California Atty. Gen. Kamala D. Harris has announced a settlement with a charitable organization whose executive officers she sued for improperly diverting funds intended to support programs serving veterans and active-duty service members.
The settlement requires that all directors and officers of the Help Hospitalized Veterans charity named as defendants to resign and pay $2.5 million in restitution. The principal officers were accused of spending most of the organization’s donations on fundraising and what the state called “excessive compensation" for its executives.
Under the settlement of a pending lawsuit, the group's president, Michael Lynch, will be permanently barred from acting as a key official at any any California charity. Four directors -- Thomas Arnold, Robert Beckley, Gorham L. Black III and Leonard Rogers -- will also be subject to bans.
"Veterans face many challenges when they return home -- it's unconscionable that Help Hospitalized Veterans officials misused charitable money intended for those who served and have sacrificed for our country," Harris said in a prepared statement.
In August, Harris filed a civil lawsuit against the Riverside County organization, alleging that donations had gone to lavish salaries and pensions, self-dealing business relationships and loans, and perks such as $80,000 in golf memberships and use of a condominium.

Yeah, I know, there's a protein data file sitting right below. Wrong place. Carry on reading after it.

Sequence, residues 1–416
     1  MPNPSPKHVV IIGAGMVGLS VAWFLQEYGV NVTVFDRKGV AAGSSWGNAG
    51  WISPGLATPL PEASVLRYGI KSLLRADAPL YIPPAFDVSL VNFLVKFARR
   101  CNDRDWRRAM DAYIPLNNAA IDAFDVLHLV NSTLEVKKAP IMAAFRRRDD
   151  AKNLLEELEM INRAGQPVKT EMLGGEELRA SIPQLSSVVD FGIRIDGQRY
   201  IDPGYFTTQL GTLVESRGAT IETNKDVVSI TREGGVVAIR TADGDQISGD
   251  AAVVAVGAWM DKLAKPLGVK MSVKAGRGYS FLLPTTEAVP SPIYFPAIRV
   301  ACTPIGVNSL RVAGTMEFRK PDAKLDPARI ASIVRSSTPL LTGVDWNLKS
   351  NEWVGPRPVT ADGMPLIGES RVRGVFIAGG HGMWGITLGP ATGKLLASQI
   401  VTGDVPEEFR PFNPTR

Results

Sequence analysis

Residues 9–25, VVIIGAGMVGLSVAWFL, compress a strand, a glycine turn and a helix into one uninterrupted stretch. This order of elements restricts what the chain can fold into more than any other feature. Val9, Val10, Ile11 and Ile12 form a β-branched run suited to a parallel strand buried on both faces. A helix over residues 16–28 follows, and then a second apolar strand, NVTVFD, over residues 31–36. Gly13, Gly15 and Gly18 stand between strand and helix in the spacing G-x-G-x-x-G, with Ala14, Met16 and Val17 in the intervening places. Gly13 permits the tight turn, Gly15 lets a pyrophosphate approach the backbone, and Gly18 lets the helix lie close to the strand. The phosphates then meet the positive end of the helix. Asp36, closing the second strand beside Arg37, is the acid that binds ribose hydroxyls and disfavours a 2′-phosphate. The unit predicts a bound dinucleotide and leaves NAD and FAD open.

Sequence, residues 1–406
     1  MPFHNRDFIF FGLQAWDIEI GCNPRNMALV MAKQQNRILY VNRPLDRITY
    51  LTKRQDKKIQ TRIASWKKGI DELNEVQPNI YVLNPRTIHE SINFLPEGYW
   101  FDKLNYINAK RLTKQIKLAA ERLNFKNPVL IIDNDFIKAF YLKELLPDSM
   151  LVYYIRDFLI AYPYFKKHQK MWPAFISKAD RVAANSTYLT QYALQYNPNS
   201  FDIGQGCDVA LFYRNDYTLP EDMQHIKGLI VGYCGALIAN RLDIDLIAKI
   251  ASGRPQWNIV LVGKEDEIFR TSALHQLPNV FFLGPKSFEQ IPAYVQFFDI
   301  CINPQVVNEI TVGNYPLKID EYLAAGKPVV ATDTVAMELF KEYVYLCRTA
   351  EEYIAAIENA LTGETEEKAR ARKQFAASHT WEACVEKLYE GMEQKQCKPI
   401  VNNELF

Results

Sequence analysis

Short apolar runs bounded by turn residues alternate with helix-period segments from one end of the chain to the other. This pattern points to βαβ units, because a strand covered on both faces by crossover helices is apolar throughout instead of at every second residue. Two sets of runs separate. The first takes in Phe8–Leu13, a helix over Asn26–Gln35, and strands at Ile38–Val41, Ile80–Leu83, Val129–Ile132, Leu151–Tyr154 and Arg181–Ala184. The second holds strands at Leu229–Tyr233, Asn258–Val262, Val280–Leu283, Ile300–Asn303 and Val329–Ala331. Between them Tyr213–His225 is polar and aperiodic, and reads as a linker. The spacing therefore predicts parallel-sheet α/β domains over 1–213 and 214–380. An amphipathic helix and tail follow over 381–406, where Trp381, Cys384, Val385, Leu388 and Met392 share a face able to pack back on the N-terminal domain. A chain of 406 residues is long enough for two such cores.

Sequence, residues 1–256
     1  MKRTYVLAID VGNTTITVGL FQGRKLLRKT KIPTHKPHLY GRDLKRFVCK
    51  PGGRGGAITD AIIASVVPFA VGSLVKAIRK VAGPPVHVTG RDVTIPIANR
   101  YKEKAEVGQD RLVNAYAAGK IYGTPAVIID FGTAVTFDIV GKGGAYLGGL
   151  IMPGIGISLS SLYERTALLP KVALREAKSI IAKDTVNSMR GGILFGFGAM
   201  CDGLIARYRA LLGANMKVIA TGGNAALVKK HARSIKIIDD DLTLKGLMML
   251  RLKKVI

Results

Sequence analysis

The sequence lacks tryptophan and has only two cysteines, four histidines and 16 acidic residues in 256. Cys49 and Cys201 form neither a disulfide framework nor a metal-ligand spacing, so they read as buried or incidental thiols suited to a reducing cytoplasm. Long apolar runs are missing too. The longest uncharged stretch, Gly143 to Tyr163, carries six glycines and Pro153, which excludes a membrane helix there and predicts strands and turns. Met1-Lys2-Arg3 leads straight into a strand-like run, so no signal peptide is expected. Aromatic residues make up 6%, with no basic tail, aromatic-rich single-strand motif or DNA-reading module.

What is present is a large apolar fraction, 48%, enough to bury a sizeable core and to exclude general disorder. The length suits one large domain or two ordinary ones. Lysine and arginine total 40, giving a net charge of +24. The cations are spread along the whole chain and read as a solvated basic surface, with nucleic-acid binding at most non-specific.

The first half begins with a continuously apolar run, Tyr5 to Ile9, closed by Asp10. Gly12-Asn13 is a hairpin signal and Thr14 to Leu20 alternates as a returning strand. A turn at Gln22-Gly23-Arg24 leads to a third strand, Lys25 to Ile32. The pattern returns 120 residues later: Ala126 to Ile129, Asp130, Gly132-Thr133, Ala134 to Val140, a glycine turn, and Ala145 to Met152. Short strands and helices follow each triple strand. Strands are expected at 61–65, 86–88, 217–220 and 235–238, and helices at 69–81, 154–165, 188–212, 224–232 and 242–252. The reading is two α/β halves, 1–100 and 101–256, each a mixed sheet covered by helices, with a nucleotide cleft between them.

The suit had originally requested the recovery of $4.3 million.
In a statement, the charity called the settlement a victory because it "does not include any admission of guilt."
"I'm very happy that the attorney general agreed that HHV and its board of directors had done nothing wrong and that HHV should continue its work," said Hugh Quinn, the charity's attorney.
Help Hospitalized Veterans, based in Winchester, was established in 1968 to provide gift packages for service personnel in Vietnam, and it has long been criticized for the relatively small share of funds used directly for support programs.
In 2011, the charity reported revenue of $45 million, but the watchdog CharityWatch said that only 35% went to programs for military personnel, compared with the 65% that many similar groups report.